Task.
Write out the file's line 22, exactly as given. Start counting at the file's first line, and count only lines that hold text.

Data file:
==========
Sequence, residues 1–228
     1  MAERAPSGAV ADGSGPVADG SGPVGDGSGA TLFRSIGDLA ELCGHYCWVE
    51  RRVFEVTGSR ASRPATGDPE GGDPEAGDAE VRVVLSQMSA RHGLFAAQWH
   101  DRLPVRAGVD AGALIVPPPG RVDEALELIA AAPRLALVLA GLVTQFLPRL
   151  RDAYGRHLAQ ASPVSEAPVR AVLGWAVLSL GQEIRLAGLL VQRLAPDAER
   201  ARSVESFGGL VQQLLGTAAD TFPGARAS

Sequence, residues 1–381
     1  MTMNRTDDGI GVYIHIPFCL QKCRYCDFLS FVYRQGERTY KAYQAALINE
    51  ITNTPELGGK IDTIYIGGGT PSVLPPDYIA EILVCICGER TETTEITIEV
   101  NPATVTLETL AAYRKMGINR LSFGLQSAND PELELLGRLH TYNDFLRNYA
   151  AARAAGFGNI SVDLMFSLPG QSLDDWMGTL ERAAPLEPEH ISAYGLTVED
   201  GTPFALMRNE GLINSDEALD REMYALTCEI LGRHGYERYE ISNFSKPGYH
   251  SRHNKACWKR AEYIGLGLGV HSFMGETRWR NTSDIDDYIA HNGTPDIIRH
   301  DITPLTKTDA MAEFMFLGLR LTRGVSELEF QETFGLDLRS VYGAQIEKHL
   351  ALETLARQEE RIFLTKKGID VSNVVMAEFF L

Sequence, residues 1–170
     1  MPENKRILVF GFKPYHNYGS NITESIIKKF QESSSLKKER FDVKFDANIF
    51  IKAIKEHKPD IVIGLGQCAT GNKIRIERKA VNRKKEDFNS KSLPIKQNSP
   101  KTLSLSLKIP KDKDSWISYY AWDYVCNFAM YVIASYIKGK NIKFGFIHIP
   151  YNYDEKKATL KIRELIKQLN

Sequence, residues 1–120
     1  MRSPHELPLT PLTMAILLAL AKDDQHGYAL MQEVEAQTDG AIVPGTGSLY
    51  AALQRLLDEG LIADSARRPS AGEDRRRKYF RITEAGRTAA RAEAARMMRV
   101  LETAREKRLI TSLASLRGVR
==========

     1  MRSPHELPLT PLTMAILLAL AKDDQHGYAL MQEVEAQTDG AIVPGTGSLY